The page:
The Division Of Law-making Powers In Australia

Essay by PaperNerd ContributorUniversity, Bachelor's June 2001

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Australia's Federal System is dynamic and the division of lawmaking power between the Commonwealth and State since 1901 has changed dramatically; Critically discuss, focussing on the major reasons for those changes.

On the first of January 1901 Australia became a federation when the Commonwealth of Australia Constitution Act came into force. Since this time, Australia has been a federated country, consisting of a Commonwealth Parliament and six State Parliaments these being Tasmania, Victoria, New South Wales, Western Australia, Queensland and South Australia. The Division of law-making power has changed considerably since 1901.

The Commonwealth of Australia Constitution Act (commonly known as the Constitution) gives the Commonwealth Parliament (also known as the Federal Parliament) specific power to make laws for the peace, order and good government of the Commonwealth.

One of the main reasons for federating was for the purpose of defence, as an invasion from the French or Germans was a very real risk.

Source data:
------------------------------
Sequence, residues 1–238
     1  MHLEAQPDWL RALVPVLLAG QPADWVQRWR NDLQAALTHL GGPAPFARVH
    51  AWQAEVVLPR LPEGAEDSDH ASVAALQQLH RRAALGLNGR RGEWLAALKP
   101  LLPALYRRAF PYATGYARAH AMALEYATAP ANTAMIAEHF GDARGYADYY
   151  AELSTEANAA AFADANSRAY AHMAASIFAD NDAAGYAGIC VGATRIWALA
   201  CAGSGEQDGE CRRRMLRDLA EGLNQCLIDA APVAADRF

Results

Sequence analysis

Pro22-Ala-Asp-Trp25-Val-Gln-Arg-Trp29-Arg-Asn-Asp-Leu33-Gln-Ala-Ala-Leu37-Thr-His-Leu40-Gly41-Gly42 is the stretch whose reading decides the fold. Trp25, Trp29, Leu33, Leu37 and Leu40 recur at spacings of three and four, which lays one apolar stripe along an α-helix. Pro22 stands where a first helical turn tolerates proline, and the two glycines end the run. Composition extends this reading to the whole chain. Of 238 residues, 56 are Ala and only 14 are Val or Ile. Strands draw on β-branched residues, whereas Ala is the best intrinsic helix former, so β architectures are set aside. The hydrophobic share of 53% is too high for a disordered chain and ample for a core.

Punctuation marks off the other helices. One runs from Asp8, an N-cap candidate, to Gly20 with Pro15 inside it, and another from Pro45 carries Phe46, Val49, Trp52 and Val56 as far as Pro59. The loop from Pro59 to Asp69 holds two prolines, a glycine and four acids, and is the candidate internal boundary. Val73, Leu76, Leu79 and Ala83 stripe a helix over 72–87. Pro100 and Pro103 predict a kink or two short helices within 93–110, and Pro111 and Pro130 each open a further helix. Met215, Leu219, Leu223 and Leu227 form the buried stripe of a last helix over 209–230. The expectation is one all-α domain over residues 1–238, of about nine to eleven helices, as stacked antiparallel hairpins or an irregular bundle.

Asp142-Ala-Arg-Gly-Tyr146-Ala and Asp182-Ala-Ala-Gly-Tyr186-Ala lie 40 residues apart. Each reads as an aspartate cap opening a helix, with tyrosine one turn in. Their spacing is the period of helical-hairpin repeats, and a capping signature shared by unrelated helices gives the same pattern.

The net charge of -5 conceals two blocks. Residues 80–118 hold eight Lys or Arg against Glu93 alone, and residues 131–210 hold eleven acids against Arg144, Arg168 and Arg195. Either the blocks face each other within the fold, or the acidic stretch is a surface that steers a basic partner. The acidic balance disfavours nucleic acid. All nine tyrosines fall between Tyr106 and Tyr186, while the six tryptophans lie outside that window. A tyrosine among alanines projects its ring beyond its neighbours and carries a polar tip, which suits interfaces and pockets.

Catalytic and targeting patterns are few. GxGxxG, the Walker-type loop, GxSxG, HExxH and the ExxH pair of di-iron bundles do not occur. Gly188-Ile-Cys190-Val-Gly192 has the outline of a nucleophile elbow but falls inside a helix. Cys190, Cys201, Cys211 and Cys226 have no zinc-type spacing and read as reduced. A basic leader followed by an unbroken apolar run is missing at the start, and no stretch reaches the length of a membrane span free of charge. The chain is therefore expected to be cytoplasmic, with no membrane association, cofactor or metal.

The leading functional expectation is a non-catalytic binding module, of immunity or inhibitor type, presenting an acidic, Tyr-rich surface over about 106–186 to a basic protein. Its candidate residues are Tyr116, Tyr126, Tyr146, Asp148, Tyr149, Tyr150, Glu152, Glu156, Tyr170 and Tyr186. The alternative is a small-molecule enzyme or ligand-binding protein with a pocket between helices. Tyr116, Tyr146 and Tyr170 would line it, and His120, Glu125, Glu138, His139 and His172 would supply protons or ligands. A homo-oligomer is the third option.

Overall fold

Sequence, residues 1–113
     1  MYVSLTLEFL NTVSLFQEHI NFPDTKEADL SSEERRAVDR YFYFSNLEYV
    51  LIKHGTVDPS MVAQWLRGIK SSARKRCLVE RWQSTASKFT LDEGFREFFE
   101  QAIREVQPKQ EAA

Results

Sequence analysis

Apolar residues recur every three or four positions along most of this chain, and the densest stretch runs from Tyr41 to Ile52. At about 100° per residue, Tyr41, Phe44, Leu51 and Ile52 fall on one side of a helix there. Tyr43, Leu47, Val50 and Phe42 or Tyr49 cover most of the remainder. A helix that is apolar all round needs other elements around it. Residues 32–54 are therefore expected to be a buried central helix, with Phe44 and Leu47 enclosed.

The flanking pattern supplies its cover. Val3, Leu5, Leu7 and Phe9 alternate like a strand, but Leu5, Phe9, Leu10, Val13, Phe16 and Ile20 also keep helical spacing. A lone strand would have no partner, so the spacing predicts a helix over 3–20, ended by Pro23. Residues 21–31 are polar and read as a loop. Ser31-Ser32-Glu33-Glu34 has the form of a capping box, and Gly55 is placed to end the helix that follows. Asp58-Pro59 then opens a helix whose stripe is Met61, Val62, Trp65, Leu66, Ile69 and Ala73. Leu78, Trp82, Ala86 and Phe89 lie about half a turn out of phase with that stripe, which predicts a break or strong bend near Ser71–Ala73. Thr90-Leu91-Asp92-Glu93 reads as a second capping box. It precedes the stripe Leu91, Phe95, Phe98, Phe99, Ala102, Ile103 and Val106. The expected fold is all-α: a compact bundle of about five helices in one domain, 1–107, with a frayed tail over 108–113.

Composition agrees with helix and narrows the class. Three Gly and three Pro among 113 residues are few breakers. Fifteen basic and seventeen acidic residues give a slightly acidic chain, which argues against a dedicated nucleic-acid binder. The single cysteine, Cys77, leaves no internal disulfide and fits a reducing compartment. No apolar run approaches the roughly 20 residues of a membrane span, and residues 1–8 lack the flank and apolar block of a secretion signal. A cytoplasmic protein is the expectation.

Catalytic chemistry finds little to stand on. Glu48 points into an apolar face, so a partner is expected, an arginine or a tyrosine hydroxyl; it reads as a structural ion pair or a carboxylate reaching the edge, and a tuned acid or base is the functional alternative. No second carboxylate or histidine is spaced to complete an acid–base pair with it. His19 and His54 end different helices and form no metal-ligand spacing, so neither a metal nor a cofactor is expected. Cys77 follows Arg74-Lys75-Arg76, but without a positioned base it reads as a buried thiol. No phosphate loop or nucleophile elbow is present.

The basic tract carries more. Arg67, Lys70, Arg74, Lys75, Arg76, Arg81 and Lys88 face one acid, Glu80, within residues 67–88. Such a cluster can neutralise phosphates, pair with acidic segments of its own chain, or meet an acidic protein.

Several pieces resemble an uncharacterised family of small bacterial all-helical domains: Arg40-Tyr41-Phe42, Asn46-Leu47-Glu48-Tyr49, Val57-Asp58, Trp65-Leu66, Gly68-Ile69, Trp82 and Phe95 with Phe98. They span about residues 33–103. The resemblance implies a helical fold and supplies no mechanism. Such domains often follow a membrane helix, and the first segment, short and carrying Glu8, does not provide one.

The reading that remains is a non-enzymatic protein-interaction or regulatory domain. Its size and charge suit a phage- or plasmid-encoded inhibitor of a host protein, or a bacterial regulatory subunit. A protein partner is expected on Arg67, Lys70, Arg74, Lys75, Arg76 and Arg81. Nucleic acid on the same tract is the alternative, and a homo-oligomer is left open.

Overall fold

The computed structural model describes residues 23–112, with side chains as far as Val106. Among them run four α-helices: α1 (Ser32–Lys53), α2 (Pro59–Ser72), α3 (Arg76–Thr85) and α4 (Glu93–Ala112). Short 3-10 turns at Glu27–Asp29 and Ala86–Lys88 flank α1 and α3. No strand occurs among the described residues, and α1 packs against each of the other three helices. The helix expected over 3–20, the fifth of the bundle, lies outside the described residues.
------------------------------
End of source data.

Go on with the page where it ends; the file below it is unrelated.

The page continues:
Australia would be able to protect itself from evasion much more effectively with one unified strong defence force, rather than six weaker defence forces. There were two other major reasons, these being currency and immigration. The gold rushes had already occurred, and there were many Chinese families in Australia. The majority of the public was very racist, and the States felt they needed a Commonwealth Government to restrict immigration. One of the first pieces of legislation passed by the Commonwealth Government was the White Australia Act.

The process of federating Australia was a long and tenuous one. And for many years the states (or colonies as they were known prior to federation) objected to federation, as they could see no reason or purpose. But finally, all states agreed. The states believed it was in their best interest to establish a Federal Parliament, to undertake federal roles,